If you would have told Naomi Gallmeyer when she was a little girl that she’d grow up to be a plumber, she says she probably wouldn’t have believed you, but that’s exactly what happened.
Today, she’s drilling the holes in preparation for laying pipe in a Habitat for Humanity house. She works for Jane Hagedorn, who owns BeaDay Plumbing, a mostly female plumbing operation based in Iowa City.
“I was working at a restaurant and was topped out at pay. I had found a class at Kirkwood that was a plumbing class. It was only a 9 month program, and of course, I was the only woman in the class. Afterwards, I sent out, I think, 13 or 14 resumes, and I sent one to Jane and she was the only one who responded to my resume,” Gallmeyer says.
Gallmeyer is among two percent of women who work in the construction trades nationwide and one percent of women in Iowa. She spends her days dressed in jeans and a t-shirt wielding a power drill.
She’s also in the minority because can expect to make almost the same amount of money as a man who holds the same job.
In Iowa, the wage gap between white men and white women is the smallest for women like Gallmeyer who hold associate’s degrees, and for women who work in STEM fields, hospitality, the trades and jobs in natural resources.
“A lot of those jobs tend to be union based jobs, a lot of the plumbers that come in the electricians that come in – they have unions that support them and support their wages and fight for things like benefits, so that’s why in the trades you could see more equitable wages between men and women," says Kristen Corey, program planner for the Iowa Commission on the Status of Women.
Those jobs in the trades, however, aren’t always easy to land. As Gallmeyer said, she sent out more than a dozen resumes and only heard back from Hagedorn.
“They were all male-oriented plumbing shops, and she was willing to take a risk on me. I think it was just because of the woman factor, you know, [the idea that I] wouldn’t be able to keep up with the boys,” Gallmeyer says.
Even though the gender pay gap is smaller in fields like Gallmeyer’s, a gap still exists. Statistics compiled by the American Association of University Women ranks Iowa 28th out of 50 states for its gender pay gap, giving the state a D plus. The pay gap is even larger for minority women.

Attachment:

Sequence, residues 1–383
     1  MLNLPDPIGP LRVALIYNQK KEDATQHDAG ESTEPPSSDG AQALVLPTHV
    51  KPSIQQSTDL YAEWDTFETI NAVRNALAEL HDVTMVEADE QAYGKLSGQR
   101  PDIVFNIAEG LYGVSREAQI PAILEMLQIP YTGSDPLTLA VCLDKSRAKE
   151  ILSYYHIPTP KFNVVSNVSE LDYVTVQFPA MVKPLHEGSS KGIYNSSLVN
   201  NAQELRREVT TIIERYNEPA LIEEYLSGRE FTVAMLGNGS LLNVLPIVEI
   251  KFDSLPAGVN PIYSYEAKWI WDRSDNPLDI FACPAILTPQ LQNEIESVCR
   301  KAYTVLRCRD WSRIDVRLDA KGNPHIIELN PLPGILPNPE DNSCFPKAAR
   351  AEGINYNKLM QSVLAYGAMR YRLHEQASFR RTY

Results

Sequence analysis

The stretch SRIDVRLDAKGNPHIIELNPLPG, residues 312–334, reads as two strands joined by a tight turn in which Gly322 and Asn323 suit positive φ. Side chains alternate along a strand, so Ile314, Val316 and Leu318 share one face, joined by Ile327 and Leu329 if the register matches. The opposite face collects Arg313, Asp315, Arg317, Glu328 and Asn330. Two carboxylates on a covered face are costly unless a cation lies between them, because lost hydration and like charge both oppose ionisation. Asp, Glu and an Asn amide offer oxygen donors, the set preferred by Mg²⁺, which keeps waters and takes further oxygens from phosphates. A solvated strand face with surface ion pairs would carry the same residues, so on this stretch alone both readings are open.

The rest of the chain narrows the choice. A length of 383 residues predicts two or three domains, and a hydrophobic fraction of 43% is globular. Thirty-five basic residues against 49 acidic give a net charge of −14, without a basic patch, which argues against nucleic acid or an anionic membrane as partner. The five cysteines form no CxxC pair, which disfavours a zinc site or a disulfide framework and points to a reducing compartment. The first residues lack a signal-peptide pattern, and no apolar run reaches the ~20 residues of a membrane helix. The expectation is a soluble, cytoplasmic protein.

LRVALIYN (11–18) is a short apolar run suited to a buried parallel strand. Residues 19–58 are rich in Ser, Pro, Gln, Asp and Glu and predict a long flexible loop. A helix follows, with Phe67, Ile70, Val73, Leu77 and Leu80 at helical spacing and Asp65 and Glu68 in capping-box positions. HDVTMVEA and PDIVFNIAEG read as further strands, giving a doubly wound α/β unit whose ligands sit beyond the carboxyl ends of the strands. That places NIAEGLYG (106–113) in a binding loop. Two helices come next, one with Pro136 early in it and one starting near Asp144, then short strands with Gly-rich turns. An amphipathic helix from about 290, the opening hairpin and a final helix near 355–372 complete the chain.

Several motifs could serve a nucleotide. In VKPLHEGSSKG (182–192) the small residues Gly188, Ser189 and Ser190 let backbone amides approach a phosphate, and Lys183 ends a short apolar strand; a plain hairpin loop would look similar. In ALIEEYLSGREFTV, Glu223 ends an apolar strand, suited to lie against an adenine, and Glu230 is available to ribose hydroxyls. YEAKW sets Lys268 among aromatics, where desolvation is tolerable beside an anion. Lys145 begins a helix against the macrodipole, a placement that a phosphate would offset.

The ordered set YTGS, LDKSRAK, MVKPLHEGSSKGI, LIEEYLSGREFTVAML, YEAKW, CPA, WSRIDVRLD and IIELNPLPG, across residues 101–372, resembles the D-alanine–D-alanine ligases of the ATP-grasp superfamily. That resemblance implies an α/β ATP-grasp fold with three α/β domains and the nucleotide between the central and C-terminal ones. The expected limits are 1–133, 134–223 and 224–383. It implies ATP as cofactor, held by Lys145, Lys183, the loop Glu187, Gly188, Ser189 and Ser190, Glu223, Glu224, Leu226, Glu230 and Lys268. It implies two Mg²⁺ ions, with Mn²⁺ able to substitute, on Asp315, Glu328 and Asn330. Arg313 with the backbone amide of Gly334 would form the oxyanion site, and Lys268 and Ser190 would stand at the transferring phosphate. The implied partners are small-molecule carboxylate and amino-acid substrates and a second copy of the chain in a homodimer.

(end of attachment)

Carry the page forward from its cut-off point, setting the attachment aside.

African American women can expect to make 61 cents for every dollar a man makes, and Latinas make 58 cents on every dollar.
Erika Billerbeck is a conservation officer with the Iowa DNR based in Johnson County. Her job has one of the smallest wage gaps in the state.
During the summer, Billerbeck spends a lot of time patrolling the lake in Coralville. She’s one of only six women working for the Iowa DNR in conservation. She has spent her career outdoors and loves it but says sometimes it’s isolating.
“It’s kind of hard to describe. There are definitely times when I wish I had more female company to work with. I like working with the guys who I work with, but there’s just some things that you want to have women around for. There are times when that would be nice,” Billerbeck explains.
Motivating girls to take jobs in male dominated sectors has been touted as one part of a strategy to close the wage gap. Corey stresses that the gender pay gap is not just a “woman problem.”
“I always think about women’s families too. It’s not just women who are affected, its women’s families. A lot of women may make more than their husbands now, so if you start off with a lower wage at the get-go, I think you could affect people’s families and women and children in poverty.”
Corey says raising the minimum wage in the state would go a long way towards closing close the gender pay gap. Seventy percent of minimum wage earners in Iowa are women. Legislation that would’ve raised the state’s minimum wage failed in the 2015 legislative session, but Senate Democrats have said they will reintroduce the issue next year.